I know it sounds like I’m complaining here, but I actually like this movie. I really do. Even with its issues I like it and would watch it again.

Robert Ginty does a decent job as CIA badass mercenary Eric Mathews. He isn’t gigantic or larger than life but he doesn’t have to be. Mathews is a quiet operator, the kind of guy you would never expect to be a professional killing machine, but when the shit hits the fan he’s the guy leading the charge and wiping the floor with the bad guys. He excels in his action scenes and is credible in the hand-to-hand scenes he has to do. Ginty also gets his ass kicked by a cyborg like a total pro. The leather jacket he wears while with his mercenary team, infiltrating Hassim’s terrorist HQ would look ridiculous on most other actors, but Robert Ginty pulls it off.

Sandahl Bergman does a fine job as the terrorist turned cyborg Samira. She’s a credible henchman, wielding a machine gun and following Hassim’s lead, and she’s a credible cybernetic villain. Physically, she always looks imposing, and you don’t have a problem believing she can destroy anyone near her, either with a machine gun or hand-to-hand. Her blank, robotic facial expressions are, at times, scary. I do wish we knew a little more about Samira, where she’s from, why she believes in Hassim’s cause, stuff like that. Awesome.

James Booth does an okay job as Dr. Brock. You know that he’s an asshole and a bad guy the second you see him, and you don’t trust him one iota. It’s a shame that he isn’t allowed to go full on scumbag villain because Booth knew how to do that and I’m sure he would have been brilliant fighting Mathews and screaming at cyborg Samira, giving her orders and whatnot.

The rest of the cast is serviceable. There’s a guy in a Winnebago that helps Mathews out, but I missed his name. And the CIA officials Mathews deals with do okay but they’re nothing special. I do want to commend the guy that dies after Samira screams into his phone, likely exploding his brain. He totally sold that scene.

Okay, so does anyone out there know what Robert Short shot as “additional scenes?” Does anyone know if this movie got the Exterminator 2 treatment? If anyone out there knows, please, send me a message.

I liked Programmed to Kill. It isn’t a great sci-fi action flick, but it has enough good stuff in it to be very watchable and fun. I’ve always loved these kinds of movies. Even when I have issues with them I love them. Damn good stuff.

See Programmed to Kill (aka The Retaliator). See it, see it, see it.

So what do we have here?

Dead bodies: If it’s less than 50 I’d be surprised.

Explosions: Several, both big and small.

Nudity?: None that I saw.

Doobage: A weird opening theme, a tour bus filled with tourists learning about the area, a kid’s baseball team(?), terrorist attack, machine gun city, grenade attack, kidnaping children, an argument over whether or not the CIA can trust someone, a CIA official that sure seems to have a sort of British accent for some reason, Beirut, a coffee dispute, a clandestine boat arrival, a guy with a gigantic mustache, silencer hooey, neck snap, exploding TV, a serious machine gun attack, kid rescuing, grenade throwing, dead body collecting, a fight on a boat, hospital hooey, picture taking, secret and likely sinister underground stuff going on, lots of people smoking, off screen surgery, photo investigating, super-secret bullshit, shotgun testing, cyborg point-of-view, marital difficulties, secret roof infiltration via hang glider, sneaking around, an underground foot chase, multiple slanted roofs, a car chase, random road construction, exploding jeep, a seriously fucked up floppy disk, cyborg attack, multiple mildly racist jokes, neck crushing, more mildly racist jokes, more neck crushing, another machine gun attack, malfunction hooey, truck punching, bloody knee removal, hand retrieval, wound healing, thumbtack to the eye, a douchebag airplane passenger, a swanky LA party, strangulation, a make-up tutorial, off screen woman killing, a drawer full of guns, assassination, a mega beating, book shelf hooey, sliding glass door smashing, Winnebago stealing, wrist knife throwing, body tackle, hand-to-hand brawl, gut stabbing, New Breed slam, wild flipping police car, gun stealing, motorcycle stealing, another wild flip, death by screaming, a bunch of airplanes, a hidden dinner table shotgun, shoe removal, clothes stealing, another exploding jeep, multiple men on fire, exploding car, a major run and gun battle, a guy explodes in slow motion, a pretty cool cat and mouse/shadowy search sequence, rocket launcher attack, exploding truck, bulldozer hooey, and an unsatisfying ending.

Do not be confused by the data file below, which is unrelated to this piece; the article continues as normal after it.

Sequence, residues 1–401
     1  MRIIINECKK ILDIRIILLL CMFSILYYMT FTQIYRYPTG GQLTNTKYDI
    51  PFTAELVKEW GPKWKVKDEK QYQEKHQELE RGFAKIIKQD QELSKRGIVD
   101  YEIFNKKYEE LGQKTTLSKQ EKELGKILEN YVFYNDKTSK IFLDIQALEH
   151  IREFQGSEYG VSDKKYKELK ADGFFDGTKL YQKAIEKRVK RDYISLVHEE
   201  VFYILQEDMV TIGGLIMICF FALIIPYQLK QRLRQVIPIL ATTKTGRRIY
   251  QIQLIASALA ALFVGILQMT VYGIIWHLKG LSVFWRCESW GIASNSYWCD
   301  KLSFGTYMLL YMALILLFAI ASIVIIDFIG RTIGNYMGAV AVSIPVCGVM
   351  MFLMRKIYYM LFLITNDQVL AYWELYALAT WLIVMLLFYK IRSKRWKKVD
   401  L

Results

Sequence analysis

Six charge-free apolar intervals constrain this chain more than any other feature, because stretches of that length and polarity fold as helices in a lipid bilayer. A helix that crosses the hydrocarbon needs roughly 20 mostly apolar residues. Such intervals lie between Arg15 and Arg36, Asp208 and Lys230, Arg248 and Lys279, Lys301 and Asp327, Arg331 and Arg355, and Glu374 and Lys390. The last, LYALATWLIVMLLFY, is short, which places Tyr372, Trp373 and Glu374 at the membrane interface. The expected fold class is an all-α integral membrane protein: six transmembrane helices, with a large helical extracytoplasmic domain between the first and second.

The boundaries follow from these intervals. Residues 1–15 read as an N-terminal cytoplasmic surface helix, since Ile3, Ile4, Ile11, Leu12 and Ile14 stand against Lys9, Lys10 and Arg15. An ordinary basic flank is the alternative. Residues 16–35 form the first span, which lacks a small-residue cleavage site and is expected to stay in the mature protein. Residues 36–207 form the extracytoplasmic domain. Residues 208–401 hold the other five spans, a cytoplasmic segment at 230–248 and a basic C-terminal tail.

Kim Richards?: Big time.

Gratuitous: “And James Booth as Dr. Brock,” Sandahl Bergman, a street fair, people selling vegetables, terrorist attack, Robert Ginty, Robert Ginty wearing a Boston Celtics sweatshirt, a grown up terrorist arguing with his child hostages, Robert Ginty wearing a leather jacket, a guy asking for a cigarette, Robert Ginty fucking around with a boat engine, Paul Walker as a child, James Booth, an underground tunnel with pipes on the wall for some reason, a mega cheap looking lab that seems to have a giant curtain in it to try to make it not look as cheap as it is, science fiction talk, a big picture of President Ronald Reagan on the wall, Robert Ginty driving a convertible and talking to someone on his car phone, a family barbecue, Robert Ginty wearing a Yale t-shirt, Robert Ginty teaching Paul Walker how to develop film in a dark room, Robert Ginty using a hang glider, Robert Ginty trying to figure out a computer’s password, Robert Ginty putting on sunglasses, Robert Ginty blowing up a jeep by shooting at the jeep’s extra fuel canister with his .38, a handgun hidden inside of a clamshell VHS case, a surveillance Winnebago, Sandahl Bergman as a cyborg, Pan Am, a drawer filled with guns, Robert Ginty loading himself up with guns, Robert Ginty riding a police motorcycle, CB and car phone talk, Robert Ginty in silhouette for some reason, Robert Ginty deflecting a rocket with a bulldozer blade, and an unsatisfying ending.